Burrell suggested to those of us who were his students that every theologian needed to have a historical mentor, whose writings we should know well. By this point I had two, Thomas Aquinas and Karl Barth. I now read Aquinas as a theologian, not primarily a philosopher. During my time at Notre Dame, I also began to study my own Anglican heritage, Anglican writers such as Thomas Cranmer, John Jewel, Richard Hooker, Caroline Divines like George Herbert, John Donne, and Thomas Traherne. (I wrote my dissertation on Jacob Arminius, again.) One of my key theological concerns became the relationship between Medieval and Reformation theology, focusing on continuities rather than discontinuities.
Skipping forward to our current setting, I mention a final set of distinctions from George Hunsinger, The Eucharist and Ecumenism (Cambridge University Press, 2008). Hunsinger distinguishes between three contemporary approaches to theology:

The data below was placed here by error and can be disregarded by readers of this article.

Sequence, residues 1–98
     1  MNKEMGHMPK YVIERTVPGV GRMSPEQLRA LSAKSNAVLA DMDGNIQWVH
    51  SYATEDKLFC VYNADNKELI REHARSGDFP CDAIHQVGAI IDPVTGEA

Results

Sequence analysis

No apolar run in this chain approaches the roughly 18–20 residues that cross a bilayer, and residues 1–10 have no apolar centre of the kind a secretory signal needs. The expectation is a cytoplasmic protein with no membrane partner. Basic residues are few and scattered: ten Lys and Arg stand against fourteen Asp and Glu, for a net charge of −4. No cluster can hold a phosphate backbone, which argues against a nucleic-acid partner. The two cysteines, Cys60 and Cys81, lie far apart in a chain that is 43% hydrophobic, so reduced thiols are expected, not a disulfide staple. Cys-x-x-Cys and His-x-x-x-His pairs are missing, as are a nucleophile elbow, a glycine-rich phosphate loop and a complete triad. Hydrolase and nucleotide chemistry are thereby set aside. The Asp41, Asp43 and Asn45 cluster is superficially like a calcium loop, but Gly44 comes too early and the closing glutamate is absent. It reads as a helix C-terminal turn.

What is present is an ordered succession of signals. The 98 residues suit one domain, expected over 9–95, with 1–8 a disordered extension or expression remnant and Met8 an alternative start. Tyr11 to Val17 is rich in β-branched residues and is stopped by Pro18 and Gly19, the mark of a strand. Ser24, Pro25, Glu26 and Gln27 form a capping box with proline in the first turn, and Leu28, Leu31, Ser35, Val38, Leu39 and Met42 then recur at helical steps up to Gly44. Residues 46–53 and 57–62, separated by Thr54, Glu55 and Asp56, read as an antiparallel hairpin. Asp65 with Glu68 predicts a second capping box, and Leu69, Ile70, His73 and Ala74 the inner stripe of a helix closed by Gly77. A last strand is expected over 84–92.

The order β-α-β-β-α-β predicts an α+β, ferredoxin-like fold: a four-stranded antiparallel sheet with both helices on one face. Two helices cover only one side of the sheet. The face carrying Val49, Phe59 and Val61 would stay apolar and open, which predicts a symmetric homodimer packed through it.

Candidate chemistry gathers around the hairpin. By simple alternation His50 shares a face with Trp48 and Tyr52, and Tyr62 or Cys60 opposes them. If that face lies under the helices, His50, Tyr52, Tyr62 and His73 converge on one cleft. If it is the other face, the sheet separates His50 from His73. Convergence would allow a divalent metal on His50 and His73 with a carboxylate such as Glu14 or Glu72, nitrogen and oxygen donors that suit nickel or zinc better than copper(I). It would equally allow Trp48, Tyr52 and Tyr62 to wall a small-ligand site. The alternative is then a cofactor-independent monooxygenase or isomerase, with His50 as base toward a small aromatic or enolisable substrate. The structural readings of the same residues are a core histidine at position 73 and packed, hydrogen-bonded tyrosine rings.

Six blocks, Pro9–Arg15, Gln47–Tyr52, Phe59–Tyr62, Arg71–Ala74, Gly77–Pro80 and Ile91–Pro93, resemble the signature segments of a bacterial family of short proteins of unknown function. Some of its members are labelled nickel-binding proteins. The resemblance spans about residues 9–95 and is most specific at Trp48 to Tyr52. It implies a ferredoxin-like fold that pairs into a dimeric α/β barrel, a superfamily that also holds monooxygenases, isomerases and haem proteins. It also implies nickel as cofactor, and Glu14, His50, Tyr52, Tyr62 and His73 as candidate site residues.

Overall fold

1) In academic “liberal” theology, “modernist norms reign supreme.”
2) Hunsinger identifies “enclave” theology as “a theology based narrowly on a single tradition that seeks not to learn from other traditions and to enrich them, but instead to topple and defeat them, or at least to withstand them.” I would suggest that “enclave” theology is a dangerous temptation for “confessional” theologies. Evangelicals can become “progressive” by becoming “confessional” (as Mouw wrote), but they can also become reactive, pursuing the “pure” version of “Reformed” or “Lutheran” or “Roman Catholic,” or “Evangelical” or “Anglo-Catholic” Anglican theology.
3) Finally, “ecumenical” theology “presupposes that every tradition in the church has something valuable to contribute even if we cannot discern what it is.”
Where does American Evangelical theology stand today in terms of Mouw’s earlier categories? I would suggest the following:
1) The borders between fundamentalism and “popular Evangelicalism” are increasingly blurry. If, in an earlier generation, Billy Graham was an “Evangelical” and Jerry Falwell a “Fundamentalist,” it is not clear today whether these distinctions would hold between Franklin Graham and Jerry Falwell, Jr. Are they Evangelicals or Fundamentalists?